Why do the world banks insist on their hurricane cut?
The international financial institutions aren't letting a disaster stand in the way of debt repayment.
Derek MacCuish, Social Justice Committee of Montreal
As efforts get under way to rebuild the Central American countries hit by Hurricane Mitch, the international community faces an old dilemma. Should one deal with the devil, if there is some good in the outcome?
Thousands of people were killed in the hurricane. disaster, and most of the rest are now trying to patch their lives together in a context of profound poverty. They need food and medicine, clothing and shelter. People around the world understand this need, and are sending as much as they can, without hesitation.
The problem is that even as the disaster relief is pouring in to Nicaragua and Honduras, large amounts of money are being taken out. Both countries are required to continue making payments on their considerable debts to international financial institutions (IFIs) such as the World Bank and the Inter-American Development Bank.
Creditor countries have cancelled debts, or have placed the payments on hold until solutions to the debt problems are worked out. The IFIs have refused to consider either of these options, arguing that they do not have any mechanisms for cancelling debts. They insist on being paid in full, and on time.
How, then, to help these countries with the disaster recovery, if there is to be no stopping the flow of money out to the IFIs?
The response of a number of the wealthier countries, including Canada, is to contribute to a new trust fund that will make some of the payments to the IFIs on behalf of the Central American countries. Given the urgency of the situation, it is the only pragmatic solution, they say. We want to help. There really is no other way.
Why is it that the IFIs will not write down any debt, even to countries facing destruction beyond conception? There are. just a few shameful reasons.
The first is bureaucratic inertia and stubbornness. They will not because they have not before. It would require a significant effort for the IFIs to rouse themselves and make the changes necessary in their organizational charters.
The second is a professed concern that the IFIs would suffer a weakening of their rock-solid credit ratings. Supposedly this would deny them adequate access to the resources they need to do their good work helping countries in distress.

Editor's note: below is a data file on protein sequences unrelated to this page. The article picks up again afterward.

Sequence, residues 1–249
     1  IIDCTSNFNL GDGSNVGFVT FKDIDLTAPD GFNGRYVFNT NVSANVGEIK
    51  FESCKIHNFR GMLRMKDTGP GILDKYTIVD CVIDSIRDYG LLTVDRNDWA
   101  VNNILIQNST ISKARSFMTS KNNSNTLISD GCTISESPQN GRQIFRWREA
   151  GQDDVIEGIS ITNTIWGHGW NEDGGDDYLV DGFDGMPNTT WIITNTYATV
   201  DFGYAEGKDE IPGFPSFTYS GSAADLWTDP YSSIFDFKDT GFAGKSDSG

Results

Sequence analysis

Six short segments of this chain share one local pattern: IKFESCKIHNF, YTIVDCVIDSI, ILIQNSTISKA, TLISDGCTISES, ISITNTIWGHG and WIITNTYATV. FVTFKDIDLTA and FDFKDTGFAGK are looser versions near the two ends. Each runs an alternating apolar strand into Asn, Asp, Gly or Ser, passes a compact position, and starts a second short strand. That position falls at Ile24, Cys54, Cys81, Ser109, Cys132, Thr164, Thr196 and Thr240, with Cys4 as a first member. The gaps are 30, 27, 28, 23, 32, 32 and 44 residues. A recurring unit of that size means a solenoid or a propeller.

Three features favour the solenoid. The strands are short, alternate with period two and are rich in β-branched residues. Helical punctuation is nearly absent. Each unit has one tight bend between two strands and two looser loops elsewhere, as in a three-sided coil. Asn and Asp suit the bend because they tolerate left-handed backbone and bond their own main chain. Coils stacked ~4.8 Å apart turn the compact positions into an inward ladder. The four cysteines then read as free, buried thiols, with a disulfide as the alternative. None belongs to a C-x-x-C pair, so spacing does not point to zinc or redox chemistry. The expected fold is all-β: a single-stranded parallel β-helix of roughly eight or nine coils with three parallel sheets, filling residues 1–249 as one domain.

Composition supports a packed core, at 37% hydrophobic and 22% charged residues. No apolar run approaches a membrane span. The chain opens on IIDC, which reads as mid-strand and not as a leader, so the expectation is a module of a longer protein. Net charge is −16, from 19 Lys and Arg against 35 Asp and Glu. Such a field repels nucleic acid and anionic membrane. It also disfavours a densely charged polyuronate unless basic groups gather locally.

Last, and most disturbing, the IFIs are not willing to sign off on the power that these debts give them over the economic policies of these countries. New loan contracts for billions of dollars have been signed in the past few weeks, leading these countries even deeper into debt. The bulk of the loans, are on condition that the countries adopt the economic restructuring scripted for them by the International Monetary Fund.
Those in the international community that do want to help are thus caught in a bind. Do they send disaster relief money to the IFIs to cover some of the debt payments? Do they refuse, and push instead for reform of the IFIs, which is being so strongly resisted?.
Despite the protests of the non-govern. mental organizations 'and others that work on development and poverty, the deal is being completed. Time is on the side of the IFIs, and the need for disaster assistance is immediate. They are collecting the dollars they are owed and providing massive new loans, while proudly painting their actions as a contribution to the relief effort.
It is past time for the member countries to take a hard look at these institutions, and to demand that they retum to their mandate - the alleviation of poverty - and change their policies from those of blatant self-interest. We should, not get trapped in this kind of dilemma again.
Derek MacCuish is program co-ordinator at the Social Justice Committee in Manireal and policy analyst with the Halifax Initiative Coalition. He is the author of the CD-ROM Pillaged Lives: Third World Debt and Global Institutions.